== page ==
Vladimir Lenin
and of Maria Ilyinichna Ulyanova, she married Mark Timofeyevich Yelizarov (ru) (1863-1919), who became Soviet Russia's first People's Commissar for Transport (in office, 1917-1918). In 2011 the State Historical Museum
State Historical Museum
in Moscow
Moscow
put on display a 1932 letter from Anna to Joseph Stalin, in which she reveals that Lenin's maternal grandfather was a Jewish native of Zhitomir
Zhitomir
who converted in order to leave the Pale of Settlement
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Pseudonym
A pseudonym (/ˈsjuːdənɪm/ or /ˈsuːdənɪm/ SEW-də-nim) or alias is a name that a person or group assumes for a particular purpose, which can differ from their original or true name (orthonym).[1] Pseudonyms include stage names and user names (both called screen names), ring names, pen names, nicknames, aliases, superhero or villain identities and code names, gamer identifications, and regnal names of emperors, popes, and other monarchs. Historically, they have often taken the form of anagrams, Graecisms, and Latinisations, although there are many other methods of choosing a pseudonym.[2] Pseudonyms should not be confused with new names that replace old ones and become the individual's full-time name. Pseudonyms are "part-time" names, used only in certain contexts – usually adopted to hide an individual's real identity, as with writers' pen names, graffiti artists' tags, resistance fighters' or terrorists' noms de guerre, and computer hackers' handles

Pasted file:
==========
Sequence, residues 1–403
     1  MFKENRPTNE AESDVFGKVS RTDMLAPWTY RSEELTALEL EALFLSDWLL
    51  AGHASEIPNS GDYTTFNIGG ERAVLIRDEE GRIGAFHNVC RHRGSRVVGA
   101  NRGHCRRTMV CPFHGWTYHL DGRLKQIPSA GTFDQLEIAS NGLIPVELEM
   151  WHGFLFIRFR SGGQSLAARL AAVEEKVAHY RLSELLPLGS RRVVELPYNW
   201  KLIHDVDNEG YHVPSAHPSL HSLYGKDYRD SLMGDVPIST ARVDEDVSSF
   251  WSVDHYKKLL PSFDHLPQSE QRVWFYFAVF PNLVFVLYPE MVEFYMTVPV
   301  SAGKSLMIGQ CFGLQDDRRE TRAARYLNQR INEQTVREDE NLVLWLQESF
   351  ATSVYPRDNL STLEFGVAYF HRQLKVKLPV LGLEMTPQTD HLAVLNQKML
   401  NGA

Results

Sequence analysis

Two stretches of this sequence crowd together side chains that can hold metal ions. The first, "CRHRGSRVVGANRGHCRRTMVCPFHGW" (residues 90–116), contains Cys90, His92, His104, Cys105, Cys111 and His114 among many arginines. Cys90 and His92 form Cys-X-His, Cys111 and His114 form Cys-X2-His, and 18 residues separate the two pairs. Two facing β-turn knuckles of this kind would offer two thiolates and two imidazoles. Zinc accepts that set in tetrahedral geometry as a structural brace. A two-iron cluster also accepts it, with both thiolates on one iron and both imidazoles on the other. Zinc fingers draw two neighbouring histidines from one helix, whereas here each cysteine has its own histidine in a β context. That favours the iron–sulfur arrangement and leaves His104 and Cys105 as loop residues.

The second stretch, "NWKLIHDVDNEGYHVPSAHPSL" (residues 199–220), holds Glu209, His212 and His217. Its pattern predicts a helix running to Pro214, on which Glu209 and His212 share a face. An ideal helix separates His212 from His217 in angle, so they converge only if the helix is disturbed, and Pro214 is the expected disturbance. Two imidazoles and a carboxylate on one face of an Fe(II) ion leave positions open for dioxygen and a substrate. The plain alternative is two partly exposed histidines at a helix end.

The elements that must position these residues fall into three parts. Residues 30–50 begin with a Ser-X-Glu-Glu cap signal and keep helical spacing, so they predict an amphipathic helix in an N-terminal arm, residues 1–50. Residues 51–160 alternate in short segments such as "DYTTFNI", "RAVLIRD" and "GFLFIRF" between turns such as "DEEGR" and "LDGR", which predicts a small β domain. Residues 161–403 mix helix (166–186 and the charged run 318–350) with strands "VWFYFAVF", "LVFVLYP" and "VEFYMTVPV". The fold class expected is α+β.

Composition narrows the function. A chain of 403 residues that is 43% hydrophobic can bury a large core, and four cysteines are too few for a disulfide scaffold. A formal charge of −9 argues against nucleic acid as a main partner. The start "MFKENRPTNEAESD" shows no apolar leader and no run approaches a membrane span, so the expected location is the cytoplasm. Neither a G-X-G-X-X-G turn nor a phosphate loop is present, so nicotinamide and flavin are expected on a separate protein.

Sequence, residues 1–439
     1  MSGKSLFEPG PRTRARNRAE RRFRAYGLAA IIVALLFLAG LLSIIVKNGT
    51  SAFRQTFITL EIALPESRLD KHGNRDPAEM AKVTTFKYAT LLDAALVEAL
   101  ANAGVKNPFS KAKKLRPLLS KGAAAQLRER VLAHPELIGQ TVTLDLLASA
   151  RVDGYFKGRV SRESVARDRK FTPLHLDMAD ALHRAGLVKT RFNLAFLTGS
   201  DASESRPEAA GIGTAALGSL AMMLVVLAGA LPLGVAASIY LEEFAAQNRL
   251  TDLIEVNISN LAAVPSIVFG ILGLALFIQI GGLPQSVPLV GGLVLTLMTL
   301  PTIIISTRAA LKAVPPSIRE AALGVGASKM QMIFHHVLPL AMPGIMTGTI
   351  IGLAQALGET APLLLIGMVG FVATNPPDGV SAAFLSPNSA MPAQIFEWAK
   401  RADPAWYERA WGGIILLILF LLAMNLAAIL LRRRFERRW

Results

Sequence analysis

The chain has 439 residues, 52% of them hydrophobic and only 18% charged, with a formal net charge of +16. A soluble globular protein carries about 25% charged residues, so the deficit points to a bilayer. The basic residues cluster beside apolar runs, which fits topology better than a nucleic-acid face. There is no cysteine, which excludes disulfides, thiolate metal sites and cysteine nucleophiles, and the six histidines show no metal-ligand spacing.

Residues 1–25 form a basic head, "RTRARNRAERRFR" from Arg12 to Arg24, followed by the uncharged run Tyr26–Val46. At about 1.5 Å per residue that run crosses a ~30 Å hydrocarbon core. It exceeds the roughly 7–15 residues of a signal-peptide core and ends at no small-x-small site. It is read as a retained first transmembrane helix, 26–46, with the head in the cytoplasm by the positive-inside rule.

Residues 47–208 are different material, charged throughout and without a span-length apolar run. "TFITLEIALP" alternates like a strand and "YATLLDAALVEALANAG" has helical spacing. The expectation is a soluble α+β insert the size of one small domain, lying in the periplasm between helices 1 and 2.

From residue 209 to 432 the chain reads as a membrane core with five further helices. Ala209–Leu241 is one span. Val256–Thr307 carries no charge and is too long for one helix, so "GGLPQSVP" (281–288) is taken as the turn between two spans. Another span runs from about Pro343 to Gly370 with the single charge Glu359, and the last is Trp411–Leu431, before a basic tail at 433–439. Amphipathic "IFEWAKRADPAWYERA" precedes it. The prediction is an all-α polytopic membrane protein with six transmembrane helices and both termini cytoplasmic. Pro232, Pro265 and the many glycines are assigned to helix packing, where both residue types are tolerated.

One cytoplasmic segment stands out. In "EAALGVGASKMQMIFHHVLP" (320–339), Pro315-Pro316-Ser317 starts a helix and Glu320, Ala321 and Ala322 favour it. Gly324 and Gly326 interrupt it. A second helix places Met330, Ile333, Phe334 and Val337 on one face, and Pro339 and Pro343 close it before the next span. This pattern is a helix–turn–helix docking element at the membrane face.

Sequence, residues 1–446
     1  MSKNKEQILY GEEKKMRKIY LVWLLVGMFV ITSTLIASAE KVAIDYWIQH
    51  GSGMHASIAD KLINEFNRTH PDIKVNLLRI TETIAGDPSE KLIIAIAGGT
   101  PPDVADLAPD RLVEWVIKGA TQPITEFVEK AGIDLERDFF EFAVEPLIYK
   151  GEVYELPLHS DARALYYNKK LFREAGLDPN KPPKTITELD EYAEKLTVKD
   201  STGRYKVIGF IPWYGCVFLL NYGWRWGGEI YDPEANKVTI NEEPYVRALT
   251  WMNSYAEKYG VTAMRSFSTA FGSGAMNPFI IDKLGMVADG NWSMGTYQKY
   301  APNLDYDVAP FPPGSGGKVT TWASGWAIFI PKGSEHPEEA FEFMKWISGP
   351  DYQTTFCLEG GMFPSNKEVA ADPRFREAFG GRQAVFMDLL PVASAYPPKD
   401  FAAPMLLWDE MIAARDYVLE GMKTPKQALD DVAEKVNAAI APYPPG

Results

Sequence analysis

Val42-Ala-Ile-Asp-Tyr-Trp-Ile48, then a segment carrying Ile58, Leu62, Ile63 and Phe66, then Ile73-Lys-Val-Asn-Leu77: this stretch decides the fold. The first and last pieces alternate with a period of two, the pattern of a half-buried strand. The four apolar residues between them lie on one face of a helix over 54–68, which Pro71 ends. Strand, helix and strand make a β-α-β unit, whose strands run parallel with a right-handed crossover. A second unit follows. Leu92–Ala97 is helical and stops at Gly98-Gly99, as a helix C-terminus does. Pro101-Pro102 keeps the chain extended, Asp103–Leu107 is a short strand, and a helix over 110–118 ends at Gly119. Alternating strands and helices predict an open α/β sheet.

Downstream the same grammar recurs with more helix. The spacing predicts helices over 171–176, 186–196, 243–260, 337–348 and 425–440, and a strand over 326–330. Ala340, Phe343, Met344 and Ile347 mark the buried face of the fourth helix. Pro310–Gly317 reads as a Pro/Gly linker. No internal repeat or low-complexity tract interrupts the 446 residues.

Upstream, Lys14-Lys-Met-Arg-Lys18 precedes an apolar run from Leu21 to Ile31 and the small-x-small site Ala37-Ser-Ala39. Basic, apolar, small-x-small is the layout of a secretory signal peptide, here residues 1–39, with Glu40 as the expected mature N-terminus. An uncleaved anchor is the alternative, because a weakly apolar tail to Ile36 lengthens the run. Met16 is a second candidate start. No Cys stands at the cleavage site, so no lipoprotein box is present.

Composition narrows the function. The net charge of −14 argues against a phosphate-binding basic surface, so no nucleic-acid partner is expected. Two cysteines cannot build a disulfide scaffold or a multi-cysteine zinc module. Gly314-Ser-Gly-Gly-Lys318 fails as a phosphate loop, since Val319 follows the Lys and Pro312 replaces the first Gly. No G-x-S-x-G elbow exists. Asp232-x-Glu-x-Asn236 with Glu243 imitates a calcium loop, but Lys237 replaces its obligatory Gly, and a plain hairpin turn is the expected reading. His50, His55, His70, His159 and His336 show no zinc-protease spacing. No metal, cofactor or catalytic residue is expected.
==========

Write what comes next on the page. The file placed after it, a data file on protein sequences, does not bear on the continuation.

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Russian Empire
The Russian Empire
Empire
(Russian: Российская Империя) or Russia
Russia
was an empire that existed across Eurasia
Eurasia
from 1721, following the end of the Great Northern War, until the Republic was proclaimed by the Provisional Government that took power after the February Revolution of 1917.[6] The third largest empire in world history, stretching over three continents, the Russian Empire
Empire
was surpassed in landmass only by the British and Mongol empires. The rise of the Russian Empire
Empire
happened in association with the decline of neighboring rival powers: the Swedish Empire, the Polish–Lithuanian Commonwealth, Persia and the Ottoman Empire
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Vladimir Ilyich Lenin (poem)
Vladimir Ilyich Lenin (Владимир Ильич Ленин) is an epic poem by Vladimir Mayakovsky
Vladimir Mayakovsky
written in 1923-1924. First fragments of it appeared in October 1924 in numerous Soviet newspapers, then, as a separate edition it came out in February 1925 via Leningrad's Gosizdat.[1][2]Contents1 Background 2 History 3 Critical reception 4 ReferencesBackground[edit] Mayakovsky's four-poem Lenin Cycle started in April 1920 with "Vladimir Ilyich!" published in the days when Vladimir Lenin's 50th birthday was celebrated all over the country. Then in 1923 came "We Do Not Believe!" (Мы не верим!), written in the wake of the news of Lenin's fatal illness. It was at that time that the idea of an epic poem on the Russian revolutionary leader was born